How Irish farmers can avoid nitrates stocking rate penalties

Each year a small proportion of Irish farmers lose income by exceeding stocking rate limits in the Nitrates Regulations, the Department of Agriculture has said.

The Department advises that farmers can avoid these penalties by taking action during the year.

Farmers can avoid penalties through a range of options, including exporting slurry during the year to less intensively stocked farms or renting extra land and submitting the appropriate forms to the Department.

Another option is monitoring their livestock numbers throughout the year and reducing them where there is a risk of exceeding the limit.

The Department has encouraged all farmers who exported slurry, rented extra land or temporarily moved cattle to another holding to submit the appropriate forms as soon as possible (not later than December 31) to the Nitrates section, Johnstown Castle, Wexford.

To help farmers comply with the stocking rate limits the Department provides interim N and P statements informing farmers of their stocking rate from cattle to date.

Those farmers that are most likely to exceed the limit based on Departmental data have received a text message outlining their stocking rate to the end of October.

Any farmer that is unsure about their position should contact their local agricultural advisor or Nitrates section at 053-9163444.

Under the regulations, farmers are obliged to ensure that the total amount of Nitrogen (N) from organic manure applied to their own lands (including that deposited by the animals themselves) does not exceed 170kg of N per hectare (NPH) per year, i.e. equivalent to two dairy cows per hectare.

Farmers can apply for a Nitrates Derogation which allows them to farm up to 250kg NPH per year, subject to some additional conditions being met.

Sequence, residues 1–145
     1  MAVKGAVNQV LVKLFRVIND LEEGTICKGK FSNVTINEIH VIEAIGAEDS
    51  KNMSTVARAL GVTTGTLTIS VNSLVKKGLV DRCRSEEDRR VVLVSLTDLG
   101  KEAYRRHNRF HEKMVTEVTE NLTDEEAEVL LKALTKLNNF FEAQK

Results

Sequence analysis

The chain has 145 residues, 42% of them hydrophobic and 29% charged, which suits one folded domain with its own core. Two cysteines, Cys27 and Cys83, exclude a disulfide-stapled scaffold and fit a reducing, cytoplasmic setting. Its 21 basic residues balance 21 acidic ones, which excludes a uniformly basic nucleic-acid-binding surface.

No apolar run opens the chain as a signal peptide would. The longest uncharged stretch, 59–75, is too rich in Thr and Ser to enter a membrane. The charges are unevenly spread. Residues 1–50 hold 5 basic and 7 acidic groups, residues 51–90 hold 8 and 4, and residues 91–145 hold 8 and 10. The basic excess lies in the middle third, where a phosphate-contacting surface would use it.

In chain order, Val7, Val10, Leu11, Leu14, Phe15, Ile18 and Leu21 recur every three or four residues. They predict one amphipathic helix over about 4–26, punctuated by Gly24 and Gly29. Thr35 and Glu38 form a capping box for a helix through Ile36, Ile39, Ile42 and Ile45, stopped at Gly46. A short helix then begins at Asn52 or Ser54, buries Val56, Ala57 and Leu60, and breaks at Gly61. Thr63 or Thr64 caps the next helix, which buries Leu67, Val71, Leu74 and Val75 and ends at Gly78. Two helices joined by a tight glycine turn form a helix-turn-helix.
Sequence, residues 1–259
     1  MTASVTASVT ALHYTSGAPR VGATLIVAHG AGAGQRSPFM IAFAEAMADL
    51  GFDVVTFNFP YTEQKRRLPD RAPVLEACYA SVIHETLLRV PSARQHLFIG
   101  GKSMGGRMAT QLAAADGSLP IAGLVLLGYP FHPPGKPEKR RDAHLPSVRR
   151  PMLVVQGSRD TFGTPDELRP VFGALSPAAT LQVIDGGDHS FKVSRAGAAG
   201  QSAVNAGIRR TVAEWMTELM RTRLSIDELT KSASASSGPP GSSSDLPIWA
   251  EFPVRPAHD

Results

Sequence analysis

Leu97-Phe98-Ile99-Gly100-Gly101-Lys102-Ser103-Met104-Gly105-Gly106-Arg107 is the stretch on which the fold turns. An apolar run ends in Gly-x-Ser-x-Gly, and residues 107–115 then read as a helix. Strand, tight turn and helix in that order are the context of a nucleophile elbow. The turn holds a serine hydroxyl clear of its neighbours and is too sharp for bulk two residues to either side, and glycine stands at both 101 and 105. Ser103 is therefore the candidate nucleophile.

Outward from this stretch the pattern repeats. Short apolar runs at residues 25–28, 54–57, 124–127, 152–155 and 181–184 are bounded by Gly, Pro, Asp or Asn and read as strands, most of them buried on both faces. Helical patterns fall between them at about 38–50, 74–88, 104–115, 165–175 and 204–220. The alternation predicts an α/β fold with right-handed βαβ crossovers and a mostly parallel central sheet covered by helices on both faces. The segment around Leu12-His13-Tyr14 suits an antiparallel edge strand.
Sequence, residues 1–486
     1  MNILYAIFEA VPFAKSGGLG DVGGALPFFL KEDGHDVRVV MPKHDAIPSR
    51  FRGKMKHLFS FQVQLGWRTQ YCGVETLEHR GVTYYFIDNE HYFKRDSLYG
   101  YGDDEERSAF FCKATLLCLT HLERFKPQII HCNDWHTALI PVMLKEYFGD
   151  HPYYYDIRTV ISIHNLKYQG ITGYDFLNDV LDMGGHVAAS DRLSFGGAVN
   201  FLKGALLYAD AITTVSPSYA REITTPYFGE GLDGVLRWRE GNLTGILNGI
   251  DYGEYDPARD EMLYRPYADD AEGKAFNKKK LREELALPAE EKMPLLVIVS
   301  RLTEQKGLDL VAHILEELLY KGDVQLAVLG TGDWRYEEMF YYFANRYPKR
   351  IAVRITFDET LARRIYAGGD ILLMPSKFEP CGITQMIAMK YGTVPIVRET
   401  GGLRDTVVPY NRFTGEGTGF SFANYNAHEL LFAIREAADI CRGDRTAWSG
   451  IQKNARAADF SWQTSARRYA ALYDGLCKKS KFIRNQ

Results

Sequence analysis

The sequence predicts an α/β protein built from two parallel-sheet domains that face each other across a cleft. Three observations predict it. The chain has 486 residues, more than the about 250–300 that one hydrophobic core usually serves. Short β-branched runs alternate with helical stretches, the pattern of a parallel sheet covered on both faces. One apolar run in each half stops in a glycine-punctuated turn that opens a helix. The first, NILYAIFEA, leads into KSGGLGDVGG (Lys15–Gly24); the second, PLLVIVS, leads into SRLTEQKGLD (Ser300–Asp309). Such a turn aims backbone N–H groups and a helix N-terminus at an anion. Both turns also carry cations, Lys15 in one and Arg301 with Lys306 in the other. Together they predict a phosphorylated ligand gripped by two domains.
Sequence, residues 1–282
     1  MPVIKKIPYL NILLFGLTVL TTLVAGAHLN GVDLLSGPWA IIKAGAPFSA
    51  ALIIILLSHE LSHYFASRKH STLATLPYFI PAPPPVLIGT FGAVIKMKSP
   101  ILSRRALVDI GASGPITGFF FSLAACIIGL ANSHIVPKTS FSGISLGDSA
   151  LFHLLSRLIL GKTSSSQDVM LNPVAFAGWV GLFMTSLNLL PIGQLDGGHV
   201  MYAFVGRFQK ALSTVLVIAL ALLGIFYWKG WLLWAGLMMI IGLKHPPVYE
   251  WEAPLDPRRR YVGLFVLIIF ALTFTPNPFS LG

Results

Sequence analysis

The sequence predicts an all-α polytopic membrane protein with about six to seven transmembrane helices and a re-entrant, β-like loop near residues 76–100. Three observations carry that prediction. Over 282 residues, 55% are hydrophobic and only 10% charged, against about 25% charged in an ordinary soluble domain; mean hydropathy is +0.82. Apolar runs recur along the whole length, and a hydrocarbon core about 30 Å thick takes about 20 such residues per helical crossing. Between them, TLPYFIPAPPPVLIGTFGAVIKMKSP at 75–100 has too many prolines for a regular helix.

How is the Nitrogen per hectare (NPH) figure arrived at?

The kg of Nitrogen figure per hectare figure is arrived at by dividing the total kgs of Nitrogen produced on the farm, which is extracted from the Animal Identification and Movement System (AIM), by the eligible area under the Basic Payment Scheme, according to the Department.

The annual nutrient excretion rate for dairy cows in the regulations is 85kg, so if for example you had 30 dairy cows on the farm (with a farm size of 20ha) for the full year, the total N figure would be 2,550kg and the NPH would be 127.5kg, rounded to 128, i.e. 2,550 divided by 20.

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What happens if a farmer breaches the regulations?

Breaching the regulations can affect a farmers annual payments for a given year under the Direct Payment Schemes and Rural Development Programme measures, where applicable, the Department advises.

Some of the schemes that reductions can be applied to include Basic Payment Scheme, Areas of Natural Constraints (ANC), AEOS, Grassland Sheep Scheme and so forth.

That is why it is so important to understand the regulations and know exactly how they apply to you, and to what you do on your own holding, it said.

Farmers will receive a statement in January/February following the year of the breach and given an opportunity to explain why you should not be penalised.

Future contact with the Department

1. To register a mobile phone number for future SMS text alerts please log on to https://www.agriculture.gov.ie/mobileupdates/ to access the sign-on form.

2. All farmers can view their N and P statements at wwww.agfood.ie. Farmers not already registered can do so by logging onto www.agfood.ie and clicking the ‘Register’ button.

If a herdowner does not have access to online or SMS text alert notification services, the interim N and P statements can be obtained from the Department’s Nitrates Section, Johnstown Castle, Wexford at 053-9163444.